Saray Atenea, 31, was killed and her body thrown in a canal that officials say is often used by organized crime figures.
Authorities say her body showed signs of torture when it was found in the body of water running through Lo de Villa, which is a town in the western Mexico state of Colima. The area Atenea's body was found is known by locals as "death row." Threatening messages were found near her body, according to the LGBTQ+ outlet Presentes.
"You have left great pain in the family," a relative posted on social media. "Your family has always accepted you and gave you a lot of love. Thank you for being that incomparable aunt who taught us that being different does not define you as a person. On the contrary, it gives a little more joy to your life."
Atenea's death the fifth trans killing in the area this year, the outlet noted. A local human rights activist, Marco Antonio Gaspar, said that the bodies of other trans people have been found there. He's been collecting data on violence against LGBTQ+ people in the state, including gruesome killings that have taken place. Atenea's death is just the latest.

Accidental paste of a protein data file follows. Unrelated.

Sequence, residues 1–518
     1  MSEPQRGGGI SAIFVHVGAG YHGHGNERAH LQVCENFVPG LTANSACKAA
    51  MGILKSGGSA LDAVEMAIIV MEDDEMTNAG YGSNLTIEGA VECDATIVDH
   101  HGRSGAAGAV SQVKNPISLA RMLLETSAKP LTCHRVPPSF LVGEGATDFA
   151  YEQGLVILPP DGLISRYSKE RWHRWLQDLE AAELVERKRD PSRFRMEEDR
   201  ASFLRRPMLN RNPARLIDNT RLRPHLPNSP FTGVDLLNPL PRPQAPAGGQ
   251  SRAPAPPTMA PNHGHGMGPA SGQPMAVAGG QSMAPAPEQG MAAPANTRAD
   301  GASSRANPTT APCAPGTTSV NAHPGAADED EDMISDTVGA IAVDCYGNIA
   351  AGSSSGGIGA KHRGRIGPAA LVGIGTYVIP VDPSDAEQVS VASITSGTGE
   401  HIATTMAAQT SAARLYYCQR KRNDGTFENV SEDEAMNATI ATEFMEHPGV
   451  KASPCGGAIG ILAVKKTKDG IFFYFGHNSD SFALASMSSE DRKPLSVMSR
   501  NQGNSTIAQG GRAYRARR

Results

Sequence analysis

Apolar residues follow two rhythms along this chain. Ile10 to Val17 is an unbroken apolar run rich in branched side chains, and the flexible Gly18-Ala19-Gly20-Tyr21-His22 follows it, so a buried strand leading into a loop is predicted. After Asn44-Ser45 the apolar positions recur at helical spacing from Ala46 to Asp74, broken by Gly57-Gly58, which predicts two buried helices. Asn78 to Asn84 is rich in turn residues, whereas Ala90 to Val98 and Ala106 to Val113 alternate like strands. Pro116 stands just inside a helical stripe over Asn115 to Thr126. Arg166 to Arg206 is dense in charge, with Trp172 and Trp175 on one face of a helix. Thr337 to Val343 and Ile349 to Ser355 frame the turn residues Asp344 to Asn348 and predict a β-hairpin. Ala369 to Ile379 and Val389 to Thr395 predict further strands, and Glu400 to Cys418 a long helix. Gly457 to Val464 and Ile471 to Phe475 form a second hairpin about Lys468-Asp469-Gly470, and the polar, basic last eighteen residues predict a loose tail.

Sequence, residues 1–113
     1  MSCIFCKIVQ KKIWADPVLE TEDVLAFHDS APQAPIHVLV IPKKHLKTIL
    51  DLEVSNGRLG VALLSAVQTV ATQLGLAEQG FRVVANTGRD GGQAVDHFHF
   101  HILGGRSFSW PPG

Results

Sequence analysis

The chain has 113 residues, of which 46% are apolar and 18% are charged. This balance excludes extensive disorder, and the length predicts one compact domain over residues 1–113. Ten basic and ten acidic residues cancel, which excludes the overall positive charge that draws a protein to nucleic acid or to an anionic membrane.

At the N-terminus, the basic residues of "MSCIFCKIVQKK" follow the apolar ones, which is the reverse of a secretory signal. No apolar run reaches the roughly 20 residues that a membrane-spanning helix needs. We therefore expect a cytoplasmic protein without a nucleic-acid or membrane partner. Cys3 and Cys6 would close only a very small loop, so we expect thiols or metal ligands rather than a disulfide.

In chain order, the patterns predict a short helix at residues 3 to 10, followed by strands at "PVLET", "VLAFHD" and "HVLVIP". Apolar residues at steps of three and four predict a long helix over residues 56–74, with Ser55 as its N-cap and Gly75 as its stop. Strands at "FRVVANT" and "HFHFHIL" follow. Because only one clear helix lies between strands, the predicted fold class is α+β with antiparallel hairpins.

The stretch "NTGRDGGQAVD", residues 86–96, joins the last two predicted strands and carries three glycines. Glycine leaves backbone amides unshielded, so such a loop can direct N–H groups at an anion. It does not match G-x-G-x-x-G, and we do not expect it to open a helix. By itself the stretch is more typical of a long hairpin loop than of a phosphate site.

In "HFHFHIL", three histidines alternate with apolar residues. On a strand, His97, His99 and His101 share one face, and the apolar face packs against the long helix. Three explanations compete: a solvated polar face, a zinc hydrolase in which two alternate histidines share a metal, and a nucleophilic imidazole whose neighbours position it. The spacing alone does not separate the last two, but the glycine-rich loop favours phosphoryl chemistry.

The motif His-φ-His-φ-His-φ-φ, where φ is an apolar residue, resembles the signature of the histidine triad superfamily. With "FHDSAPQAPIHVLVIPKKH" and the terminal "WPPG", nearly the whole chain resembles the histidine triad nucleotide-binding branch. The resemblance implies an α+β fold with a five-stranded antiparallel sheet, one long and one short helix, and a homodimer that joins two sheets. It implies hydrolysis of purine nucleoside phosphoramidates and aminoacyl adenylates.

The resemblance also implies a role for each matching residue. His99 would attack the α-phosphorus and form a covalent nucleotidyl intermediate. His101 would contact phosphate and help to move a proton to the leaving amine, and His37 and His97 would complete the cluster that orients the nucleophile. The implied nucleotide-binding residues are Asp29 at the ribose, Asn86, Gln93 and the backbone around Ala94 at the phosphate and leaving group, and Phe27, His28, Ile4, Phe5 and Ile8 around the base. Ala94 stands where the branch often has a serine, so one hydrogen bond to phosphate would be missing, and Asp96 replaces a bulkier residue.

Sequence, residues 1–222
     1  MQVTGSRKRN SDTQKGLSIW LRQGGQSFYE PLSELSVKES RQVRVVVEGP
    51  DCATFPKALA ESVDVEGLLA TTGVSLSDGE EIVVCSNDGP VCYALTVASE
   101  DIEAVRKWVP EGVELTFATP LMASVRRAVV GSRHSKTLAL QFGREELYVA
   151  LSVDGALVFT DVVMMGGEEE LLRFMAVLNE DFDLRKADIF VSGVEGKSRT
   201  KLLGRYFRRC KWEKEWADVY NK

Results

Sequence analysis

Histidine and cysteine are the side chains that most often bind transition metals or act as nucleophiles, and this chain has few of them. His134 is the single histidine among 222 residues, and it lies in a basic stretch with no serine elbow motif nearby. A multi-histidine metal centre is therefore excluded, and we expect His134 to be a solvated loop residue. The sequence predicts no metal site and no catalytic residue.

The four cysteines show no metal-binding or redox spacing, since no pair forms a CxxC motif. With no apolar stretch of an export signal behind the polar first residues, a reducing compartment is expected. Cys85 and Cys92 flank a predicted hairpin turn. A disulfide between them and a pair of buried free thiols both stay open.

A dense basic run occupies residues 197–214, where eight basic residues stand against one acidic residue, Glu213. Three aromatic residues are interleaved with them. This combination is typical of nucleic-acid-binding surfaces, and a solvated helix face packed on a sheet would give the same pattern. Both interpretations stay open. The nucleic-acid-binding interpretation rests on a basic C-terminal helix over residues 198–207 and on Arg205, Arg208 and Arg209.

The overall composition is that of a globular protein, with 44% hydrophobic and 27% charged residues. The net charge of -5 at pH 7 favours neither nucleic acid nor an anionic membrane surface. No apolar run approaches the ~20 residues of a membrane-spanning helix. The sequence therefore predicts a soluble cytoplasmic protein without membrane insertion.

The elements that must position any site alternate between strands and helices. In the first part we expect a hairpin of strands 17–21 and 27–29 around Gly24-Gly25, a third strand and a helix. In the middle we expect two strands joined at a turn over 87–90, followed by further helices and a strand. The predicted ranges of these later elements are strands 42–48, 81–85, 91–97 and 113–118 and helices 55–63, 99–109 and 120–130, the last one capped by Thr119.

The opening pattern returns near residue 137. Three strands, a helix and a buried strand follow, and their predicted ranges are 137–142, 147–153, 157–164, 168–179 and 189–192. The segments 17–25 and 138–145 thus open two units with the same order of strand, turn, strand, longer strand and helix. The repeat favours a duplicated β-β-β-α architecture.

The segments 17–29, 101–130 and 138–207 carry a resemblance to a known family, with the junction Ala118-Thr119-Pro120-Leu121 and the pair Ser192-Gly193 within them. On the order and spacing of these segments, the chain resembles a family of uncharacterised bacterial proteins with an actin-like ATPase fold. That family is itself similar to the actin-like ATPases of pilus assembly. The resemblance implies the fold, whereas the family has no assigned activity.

At least 65 trans people have been killed by violence this year in Mexico, meaning it's one of the deadliest countries to be trans in the world.
Local journalist Roberto Macias told Presentes that Atenea was about to celebrate her 32nd birthday.
LGBTQ+ rights group Dissident Pride said that Atenea's killing is an example of how drug trafficking and police failings lead to increase violence against LGBTQ+ people.
"The news fills us with pain and anger," the group wrote on Instagram on Sunday.
"We demand justice from the Attorney General's Office of the State of Colima for all those murdered. And to the state government, a real change in the security strategy that is killing us."